Court upholds death penalty
in 1989 Oakland freeway murders
By Julia Cheever
June 5, 2007
The California Supreme Court yesterday unanimously upheld a death
penalty for an Oakland man who randomly killed four people and
shot at six others in drive-by shootings on or near Interstate
580 in 1989.
Charles Stevens, 38, was sentenced to death after being convicted
in Alameda County Superior Court in 1993 of four murders and six
The shootings took place during a four-month period between April
and July 1989. Three of those murdered were shot in their cars
on the freeway and the fourth was a pedestrian on an Oakland street.
Stevens was captured after the fourth murder, of mechanical engineer
Raymond August, 28, of Oakland, as August was droving home on
580 early in the morning of July 27, 1989.
Another motorist who was shot at by Stevens but escaped injury
minutes earlier called 911 and police found Stevens parked on
the shoulder of a freeway ramp.
Evidence at the trial included testimony that most of the shootings
were carried out with an unusual gun, a Desert Eagle semiautomatic
pistol, found in Stevens's car.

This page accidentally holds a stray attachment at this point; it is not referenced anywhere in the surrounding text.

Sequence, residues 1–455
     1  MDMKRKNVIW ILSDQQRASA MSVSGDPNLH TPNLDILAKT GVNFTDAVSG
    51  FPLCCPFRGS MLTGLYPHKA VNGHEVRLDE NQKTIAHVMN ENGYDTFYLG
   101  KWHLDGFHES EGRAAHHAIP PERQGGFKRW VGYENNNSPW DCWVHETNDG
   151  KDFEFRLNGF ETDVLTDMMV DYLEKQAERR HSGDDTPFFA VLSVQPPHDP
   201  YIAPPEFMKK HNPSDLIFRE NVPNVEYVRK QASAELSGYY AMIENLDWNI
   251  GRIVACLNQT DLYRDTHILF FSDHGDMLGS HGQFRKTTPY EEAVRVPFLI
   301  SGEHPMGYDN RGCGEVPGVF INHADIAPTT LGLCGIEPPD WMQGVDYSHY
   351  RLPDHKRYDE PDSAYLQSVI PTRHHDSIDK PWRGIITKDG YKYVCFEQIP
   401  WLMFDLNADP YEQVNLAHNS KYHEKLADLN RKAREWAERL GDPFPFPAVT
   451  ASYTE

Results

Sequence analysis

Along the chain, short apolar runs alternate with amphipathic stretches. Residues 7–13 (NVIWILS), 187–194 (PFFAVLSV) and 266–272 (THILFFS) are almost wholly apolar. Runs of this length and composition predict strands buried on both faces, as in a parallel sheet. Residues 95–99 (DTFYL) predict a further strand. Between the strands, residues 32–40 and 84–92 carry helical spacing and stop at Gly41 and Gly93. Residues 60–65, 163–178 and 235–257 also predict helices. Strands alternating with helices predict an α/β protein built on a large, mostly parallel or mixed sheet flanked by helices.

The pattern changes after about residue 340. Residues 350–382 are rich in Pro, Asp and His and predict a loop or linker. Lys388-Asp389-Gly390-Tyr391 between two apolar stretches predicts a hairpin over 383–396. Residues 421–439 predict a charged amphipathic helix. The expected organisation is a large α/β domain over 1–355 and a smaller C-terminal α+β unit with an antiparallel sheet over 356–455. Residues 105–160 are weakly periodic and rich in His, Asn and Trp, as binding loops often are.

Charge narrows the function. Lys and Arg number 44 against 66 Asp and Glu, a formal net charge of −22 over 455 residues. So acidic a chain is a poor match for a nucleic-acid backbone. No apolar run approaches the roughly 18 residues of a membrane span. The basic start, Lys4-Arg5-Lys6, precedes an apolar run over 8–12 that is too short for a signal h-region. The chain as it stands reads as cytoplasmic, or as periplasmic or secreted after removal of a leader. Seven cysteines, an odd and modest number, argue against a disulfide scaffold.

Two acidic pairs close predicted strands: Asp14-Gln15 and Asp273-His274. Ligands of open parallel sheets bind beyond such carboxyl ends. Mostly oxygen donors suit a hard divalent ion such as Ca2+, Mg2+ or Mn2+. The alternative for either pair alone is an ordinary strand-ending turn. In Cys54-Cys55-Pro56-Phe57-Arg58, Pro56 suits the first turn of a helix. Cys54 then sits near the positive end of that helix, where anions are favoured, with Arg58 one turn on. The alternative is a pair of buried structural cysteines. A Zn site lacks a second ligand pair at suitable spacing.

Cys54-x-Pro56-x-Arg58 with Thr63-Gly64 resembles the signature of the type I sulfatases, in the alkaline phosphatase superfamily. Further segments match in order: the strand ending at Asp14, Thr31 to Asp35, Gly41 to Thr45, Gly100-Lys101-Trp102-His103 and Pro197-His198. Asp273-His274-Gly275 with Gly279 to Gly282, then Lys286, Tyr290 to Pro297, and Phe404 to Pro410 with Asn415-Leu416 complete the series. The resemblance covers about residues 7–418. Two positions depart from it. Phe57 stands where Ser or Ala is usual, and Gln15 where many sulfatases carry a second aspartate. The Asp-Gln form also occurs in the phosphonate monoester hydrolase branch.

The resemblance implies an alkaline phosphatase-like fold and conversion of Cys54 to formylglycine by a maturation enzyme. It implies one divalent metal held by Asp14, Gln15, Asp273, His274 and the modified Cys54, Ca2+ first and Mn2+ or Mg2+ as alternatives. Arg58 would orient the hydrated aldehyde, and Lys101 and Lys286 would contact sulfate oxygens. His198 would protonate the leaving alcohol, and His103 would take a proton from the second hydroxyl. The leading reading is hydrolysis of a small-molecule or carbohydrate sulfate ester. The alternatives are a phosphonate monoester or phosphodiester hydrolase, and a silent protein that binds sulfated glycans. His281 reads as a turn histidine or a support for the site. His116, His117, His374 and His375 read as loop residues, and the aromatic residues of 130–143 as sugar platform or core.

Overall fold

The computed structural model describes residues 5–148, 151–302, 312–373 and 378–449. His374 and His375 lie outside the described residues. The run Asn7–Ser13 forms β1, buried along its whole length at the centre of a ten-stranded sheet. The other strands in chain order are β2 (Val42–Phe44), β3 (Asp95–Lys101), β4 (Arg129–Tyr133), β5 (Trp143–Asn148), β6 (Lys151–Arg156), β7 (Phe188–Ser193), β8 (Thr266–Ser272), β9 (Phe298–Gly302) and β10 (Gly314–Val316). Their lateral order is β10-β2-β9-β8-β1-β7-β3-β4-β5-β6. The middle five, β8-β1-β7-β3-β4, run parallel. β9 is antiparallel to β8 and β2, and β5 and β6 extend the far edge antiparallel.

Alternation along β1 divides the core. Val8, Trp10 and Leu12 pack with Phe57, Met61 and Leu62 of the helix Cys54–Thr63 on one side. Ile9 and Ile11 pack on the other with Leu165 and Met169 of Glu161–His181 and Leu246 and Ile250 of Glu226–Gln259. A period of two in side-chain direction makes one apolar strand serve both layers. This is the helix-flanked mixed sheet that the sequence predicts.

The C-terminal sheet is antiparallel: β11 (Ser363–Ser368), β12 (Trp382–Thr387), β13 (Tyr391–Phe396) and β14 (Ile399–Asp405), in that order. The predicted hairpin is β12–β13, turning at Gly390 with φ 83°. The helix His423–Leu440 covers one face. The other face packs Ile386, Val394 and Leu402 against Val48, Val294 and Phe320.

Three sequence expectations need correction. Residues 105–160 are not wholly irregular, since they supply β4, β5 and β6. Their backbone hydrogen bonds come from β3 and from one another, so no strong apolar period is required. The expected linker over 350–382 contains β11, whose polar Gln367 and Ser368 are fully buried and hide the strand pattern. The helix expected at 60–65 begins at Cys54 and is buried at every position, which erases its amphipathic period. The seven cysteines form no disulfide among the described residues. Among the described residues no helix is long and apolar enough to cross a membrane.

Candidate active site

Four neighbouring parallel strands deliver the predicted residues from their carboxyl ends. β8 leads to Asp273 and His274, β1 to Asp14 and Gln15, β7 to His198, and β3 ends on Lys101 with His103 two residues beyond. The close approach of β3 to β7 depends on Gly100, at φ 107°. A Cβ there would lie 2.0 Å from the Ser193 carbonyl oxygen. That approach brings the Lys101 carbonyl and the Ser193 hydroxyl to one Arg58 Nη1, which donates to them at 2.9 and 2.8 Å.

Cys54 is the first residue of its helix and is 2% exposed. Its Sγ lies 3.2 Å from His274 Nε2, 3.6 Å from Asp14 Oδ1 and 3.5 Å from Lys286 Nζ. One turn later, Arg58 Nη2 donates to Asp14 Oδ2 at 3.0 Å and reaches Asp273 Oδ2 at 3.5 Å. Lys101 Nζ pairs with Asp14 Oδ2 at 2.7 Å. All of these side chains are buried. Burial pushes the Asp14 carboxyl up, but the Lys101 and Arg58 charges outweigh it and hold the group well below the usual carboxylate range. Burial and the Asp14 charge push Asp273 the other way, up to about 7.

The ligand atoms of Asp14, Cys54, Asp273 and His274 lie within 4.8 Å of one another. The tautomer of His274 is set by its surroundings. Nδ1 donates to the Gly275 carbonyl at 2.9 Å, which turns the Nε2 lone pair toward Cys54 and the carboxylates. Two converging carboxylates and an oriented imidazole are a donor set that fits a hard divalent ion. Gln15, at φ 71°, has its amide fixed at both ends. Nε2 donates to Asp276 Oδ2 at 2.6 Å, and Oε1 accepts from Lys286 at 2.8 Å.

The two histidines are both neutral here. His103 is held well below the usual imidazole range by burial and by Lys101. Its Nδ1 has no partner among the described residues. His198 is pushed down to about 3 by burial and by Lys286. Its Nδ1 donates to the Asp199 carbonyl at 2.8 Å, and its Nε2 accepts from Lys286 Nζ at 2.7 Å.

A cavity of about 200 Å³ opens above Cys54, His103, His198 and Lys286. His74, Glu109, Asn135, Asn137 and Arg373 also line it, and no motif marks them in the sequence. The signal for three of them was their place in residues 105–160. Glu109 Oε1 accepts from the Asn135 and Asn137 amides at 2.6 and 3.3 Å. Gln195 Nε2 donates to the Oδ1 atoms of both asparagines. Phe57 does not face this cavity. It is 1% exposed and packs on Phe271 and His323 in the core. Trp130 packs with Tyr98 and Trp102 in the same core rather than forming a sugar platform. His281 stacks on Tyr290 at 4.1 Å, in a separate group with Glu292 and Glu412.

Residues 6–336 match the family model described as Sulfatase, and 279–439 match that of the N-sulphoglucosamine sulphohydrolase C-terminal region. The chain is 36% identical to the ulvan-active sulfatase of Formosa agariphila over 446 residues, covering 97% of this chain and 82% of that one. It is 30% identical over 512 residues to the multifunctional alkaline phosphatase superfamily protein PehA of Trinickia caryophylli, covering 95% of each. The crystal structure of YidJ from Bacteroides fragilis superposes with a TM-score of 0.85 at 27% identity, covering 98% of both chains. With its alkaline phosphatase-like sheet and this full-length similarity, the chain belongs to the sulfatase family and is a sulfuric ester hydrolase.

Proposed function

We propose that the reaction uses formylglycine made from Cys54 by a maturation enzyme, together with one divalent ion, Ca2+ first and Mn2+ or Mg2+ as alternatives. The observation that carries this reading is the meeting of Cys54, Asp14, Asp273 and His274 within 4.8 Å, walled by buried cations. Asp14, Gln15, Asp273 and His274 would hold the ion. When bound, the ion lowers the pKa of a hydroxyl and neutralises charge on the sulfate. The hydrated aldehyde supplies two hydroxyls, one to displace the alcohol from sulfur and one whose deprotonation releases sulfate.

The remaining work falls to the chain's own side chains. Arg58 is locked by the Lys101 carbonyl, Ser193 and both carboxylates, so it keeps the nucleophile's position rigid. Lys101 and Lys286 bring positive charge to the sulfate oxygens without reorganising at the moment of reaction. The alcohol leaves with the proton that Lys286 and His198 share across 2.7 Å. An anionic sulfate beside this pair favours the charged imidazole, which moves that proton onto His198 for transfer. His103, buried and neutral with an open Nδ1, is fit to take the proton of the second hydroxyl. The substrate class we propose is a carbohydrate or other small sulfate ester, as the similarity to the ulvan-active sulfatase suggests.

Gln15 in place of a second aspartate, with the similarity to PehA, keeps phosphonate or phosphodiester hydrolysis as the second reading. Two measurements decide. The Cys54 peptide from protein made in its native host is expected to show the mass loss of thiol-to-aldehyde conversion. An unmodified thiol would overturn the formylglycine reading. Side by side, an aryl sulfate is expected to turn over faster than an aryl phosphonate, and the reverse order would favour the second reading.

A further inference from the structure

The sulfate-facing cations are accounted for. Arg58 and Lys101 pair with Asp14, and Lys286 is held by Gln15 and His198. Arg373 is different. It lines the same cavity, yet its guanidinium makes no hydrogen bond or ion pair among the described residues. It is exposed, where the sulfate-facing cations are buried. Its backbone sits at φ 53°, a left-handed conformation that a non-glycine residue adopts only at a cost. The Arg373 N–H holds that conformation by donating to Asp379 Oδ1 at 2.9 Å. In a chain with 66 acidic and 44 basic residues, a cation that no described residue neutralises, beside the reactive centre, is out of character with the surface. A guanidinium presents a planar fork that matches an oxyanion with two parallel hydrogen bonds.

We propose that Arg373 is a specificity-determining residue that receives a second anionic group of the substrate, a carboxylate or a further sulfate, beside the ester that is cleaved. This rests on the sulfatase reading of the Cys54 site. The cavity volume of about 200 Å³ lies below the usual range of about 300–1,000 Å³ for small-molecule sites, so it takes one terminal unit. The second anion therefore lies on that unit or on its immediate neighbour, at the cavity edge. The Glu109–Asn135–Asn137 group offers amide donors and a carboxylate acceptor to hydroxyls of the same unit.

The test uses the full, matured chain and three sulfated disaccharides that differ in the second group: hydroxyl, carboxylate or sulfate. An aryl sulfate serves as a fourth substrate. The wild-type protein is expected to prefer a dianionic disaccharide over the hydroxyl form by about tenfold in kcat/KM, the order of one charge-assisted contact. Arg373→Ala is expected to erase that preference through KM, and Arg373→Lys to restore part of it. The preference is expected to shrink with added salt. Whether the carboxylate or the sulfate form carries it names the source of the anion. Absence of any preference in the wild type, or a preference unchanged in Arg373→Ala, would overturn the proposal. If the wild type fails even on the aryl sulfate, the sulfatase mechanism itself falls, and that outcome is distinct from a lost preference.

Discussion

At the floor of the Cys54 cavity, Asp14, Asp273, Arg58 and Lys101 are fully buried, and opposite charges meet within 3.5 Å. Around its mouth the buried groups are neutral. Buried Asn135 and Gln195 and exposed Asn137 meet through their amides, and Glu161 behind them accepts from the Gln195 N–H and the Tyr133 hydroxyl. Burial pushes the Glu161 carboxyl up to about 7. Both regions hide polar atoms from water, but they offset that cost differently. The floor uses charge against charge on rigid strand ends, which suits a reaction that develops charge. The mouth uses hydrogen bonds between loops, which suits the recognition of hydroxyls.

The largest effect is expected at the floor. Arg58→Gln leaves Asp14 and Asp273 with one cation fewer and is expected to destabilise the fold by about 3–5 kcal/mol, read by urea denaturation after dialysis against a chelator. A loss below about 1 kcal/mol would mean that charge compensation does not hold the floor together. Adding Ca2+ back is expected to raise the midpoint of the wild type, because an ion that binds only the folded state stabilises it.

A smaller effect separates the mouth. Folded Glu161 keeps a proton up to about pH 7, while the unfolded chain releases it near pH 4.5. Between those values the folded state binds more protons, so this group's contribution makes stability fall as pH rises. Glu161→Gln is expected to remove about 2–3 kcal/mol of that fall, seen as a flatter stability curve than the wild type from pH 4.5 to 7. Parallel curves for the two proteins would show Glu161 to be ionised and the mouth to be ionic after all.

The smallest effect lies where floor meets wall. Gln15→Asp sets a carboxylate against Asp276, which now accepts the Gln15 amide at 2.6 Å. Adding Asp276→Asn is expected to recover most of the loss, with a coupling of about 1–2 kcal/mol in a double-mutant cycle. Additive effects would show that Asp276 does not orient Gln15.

A defense psychiatrist told the jury that Stevens suffered from
schizoid and borderline personality traits but said he was not
able "to come up with a clear diagnosis as to why" Stevens
committed the crimes.
The high court, in a ruling issued in San Francisco, rejected
a series of arguments raised by Stevens on appeal, including a
claim that prosecutors improperly dismissed most African-Americans
from the jury.
Justice Carol Corrigan wrote that Stevens "has failed to
demonstrate purposeful racial discrimination against prospective
Richard Targow, Stevens's attorney in the appeal, said he had
not yet read the ruling, but said he will consider a further appeal
to the U.S. Supreme Court.
In addition, Stevens can pursue additional appeals through state
and federal court habeas corpus petitions alleging constitutional
Targow said Stevens has a habeas corpus petition prepared by
a different lawyer pending before the state Supreme Court.
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